Where Do Elephants Pack Their Toothpaste? In Their Trunk!
This demonstration’s called Elephant’s Toothpaste because the chemical reaction produces a large foamy mess that looks like toothpaste squirting out of a tube. It is so big that only an elephant could use toothpaste this large. It is, of course, not
toothpaste so please do not try to brush your teeth with it! The kids-safe version below is harmless but certainly wouldn’t taste very good.
- Baking soda
- CO 2
- H 2 O
- O 2
- H 2 O 2 ,
Hydrogen peroxide – 6% if possible. 3% (what is sold in drug stores) will give off a smaller reaction
Liquid watercolor or food coloring (optional)
Medium-sized soda bottle (empty)
Tiny scoops & spoons (about ¼-ish teaspoon) + a Tablespoon measure
Tub of water/sink close-by
- Before you do anything, put the soda bottle on a baking tray or large bowl.
- Mix 1 Tbsp yeast into 3 Tbsp of warm water in a small paper cup. Consistency should be that of melted ice cream. Set aside to get all bubbly and happy (as yeast and warm water always do)
- Using the funnel, carefully pour about ½ cup of the Hydrogen Peroxide into the soda bottle
- Add some liquid watercolor (optional)
- Add about 1 Tbsp of dish soap to the Hydrogen Peroxide
- Use the funnel to pour the yeast mixture into the bottle, then step back.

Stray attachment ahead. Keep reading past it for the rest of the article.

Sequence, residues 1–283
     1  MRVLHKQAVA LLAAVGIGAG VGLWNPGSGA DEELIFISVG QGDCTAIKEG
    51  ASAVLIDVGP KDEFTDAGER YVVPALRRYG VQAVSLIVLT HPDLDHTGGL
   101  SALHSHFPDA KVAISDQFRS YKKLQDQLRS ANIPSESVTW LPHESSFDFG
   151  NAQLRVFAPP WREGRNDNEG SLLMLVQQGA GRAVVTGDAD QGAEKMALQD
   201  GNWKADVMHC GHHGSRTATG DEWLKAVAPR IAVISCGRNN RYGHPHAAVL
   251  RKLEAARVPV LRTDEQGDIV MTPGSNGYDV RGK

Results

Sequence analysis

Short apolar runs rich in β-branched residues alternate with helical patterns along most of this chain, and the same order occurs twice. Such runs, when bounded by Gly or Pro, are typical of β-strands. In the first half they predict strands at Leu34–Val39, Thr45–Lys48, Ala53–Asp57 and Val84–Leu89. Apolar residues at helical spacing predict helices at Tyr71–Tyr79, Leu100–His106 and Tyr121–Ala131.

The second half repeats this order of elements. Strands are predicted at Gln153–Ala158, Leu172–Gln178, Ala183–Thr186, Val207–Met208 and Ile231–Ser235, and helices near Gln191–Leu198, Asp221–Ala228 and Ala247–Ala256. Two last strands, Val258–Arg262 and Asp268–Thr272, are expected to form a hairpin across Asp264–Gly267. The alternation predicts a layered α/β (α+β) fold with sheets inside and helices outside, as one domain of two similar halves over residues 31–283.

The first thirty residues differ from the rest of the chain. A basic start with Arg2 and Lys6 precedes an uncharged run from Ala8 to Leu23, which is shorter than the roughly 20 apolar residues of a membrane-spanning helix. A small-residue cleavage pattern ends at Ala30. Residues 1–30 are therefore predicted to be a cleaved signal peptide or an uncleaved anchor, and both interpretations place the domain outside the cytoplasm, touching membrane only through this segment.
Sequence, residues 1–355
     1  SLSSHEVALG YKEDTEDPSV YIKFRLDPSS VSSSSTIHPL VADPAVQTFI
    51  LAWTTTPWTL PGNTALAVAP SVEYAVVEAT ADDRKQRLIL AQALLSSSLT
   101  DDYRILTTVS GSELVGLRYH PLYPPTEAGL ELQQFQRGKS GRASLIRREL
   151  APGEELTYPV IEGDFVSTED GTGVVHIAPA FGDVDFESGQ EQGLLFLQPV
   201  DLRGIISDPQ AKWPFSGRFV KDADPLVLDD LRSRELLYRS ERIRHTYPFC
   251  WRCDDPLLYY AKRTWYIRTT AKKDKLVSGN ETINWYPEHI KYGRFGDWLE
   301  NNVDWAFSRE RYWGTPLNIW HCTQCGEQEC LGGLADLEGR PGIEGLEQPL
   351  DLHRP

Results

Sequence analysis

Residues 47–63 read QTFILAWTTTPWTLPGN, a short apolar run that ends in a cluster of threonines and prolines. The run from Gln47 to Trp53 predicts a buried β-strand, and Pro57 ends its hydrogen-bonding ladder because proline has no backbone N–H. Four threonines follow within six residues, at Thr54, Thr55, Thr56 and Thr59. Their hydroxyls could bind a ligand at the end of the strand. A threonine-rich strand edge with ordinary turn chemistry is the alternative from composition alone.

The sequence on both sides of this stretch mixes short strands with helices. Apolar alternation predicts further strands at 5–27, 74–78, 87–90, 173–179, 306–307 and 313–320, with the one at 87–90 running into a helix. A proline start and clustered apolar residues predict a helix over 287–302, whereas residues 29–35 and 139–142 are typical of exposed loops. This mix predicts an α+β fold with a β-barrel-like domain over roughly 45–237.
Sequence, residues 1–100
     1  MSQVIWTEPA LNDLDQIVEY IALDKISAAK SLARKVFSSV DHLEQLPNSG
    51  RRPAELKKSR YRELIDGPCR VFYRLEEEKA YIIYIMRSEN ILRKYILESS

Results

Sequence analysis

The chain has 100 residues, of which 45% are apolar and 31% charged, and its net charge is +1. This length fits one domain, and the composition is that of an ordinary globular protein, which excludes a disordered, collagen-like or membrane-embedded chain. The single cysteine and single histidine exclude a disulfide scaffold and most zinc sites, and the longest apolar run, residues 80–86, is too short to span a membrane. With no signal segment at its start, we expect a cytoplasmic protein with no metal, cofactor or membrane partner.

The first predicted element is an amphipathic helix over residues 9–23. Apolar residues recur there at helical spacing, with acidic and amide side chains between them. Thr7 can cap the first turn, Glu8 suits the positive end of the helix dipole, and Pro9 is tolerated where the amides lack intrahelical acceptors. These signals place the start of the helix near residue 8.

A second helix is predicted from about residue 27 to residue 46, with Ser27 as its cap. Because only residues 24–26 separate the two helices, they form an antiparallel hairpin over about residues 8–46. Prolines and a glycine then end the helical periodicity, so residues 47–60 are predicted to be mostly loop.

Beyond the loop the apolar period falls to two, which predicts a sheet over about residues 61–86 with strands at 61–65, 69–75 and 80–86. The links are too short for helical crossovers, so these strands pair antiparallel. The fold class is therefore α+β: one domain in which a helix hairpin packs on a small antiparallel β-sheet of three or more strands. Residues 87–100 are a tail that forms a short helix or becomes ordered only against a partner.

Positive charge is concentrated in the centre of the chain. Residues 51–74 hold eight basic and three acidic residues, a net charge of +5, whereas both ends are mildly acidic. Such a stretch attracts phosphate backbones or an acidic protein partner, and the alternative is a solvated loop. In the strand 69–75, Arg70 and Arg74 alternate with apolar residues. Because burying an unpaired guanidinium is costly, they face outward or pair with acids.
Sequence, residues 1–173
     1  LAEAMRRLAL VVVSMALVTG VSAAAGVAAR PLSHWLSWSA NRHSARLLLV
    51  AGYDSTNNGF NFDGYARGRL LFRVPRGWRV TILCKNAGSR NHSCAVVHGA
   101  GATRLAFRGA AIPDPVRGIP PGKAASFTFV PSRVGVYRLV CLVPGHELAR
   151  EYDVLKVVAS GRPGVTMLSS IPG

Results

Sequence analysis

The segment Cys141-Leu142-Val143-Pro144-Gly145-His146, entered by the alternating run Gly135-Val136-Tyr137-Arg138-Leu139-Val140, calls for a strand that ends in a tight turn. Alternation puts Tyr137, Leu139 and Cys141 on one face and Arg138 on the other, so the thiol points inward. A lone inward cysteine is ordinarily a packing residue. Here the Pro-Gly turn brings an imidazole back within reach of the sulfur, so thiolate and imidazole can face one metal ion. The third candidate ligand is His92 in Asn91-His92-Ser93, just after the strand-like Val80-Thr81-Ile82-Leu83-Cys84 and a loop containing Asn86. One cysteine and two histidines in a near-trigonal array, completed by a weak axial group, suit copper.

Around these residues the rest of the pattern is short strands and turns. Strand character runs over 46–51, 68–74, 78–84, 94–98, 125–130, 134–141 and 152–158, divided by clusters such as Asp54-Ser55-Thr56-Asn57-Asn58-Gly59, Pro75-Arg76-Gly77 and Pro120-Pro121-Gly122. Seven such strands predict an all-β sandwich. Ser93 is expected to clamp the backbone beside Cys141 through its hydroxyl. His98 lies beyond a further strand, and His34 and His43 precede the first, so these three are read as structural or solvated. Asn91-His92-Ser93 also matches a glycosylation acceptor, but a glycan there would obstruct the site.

When hydrogen peroxide breaks down, it turns into oxygen (O 2 ) and water (H 2 O). Normally this breakdown happens very slowly. But the reaction could be done faster by adding a catalyst. Yeast is an organism that contains a special chemical called catalase that can act as a catalyst to help break down hydrogen peroxide. Catalase is present in almost all living things that are exposed to oxygen, and it helps them break down naturally occurring hydrogen peroxide.
This means that if you mix yeast with hydrogen peroxide, the hydrogen peroxide will rapidly break down into water and oxygen gas. The oxygen gas forms bubbles. These bubbles would usually escape from the liquid and pop quickly. But, adding a little dish soap provides additional surface tension, allowing the bubbles to get trapped and creating lots of foam. This foam looks like a giant squeeze of toothpaste—almost big enough for an elephant!
Because this reaction is exothermic, the bottle and the foam will be warm.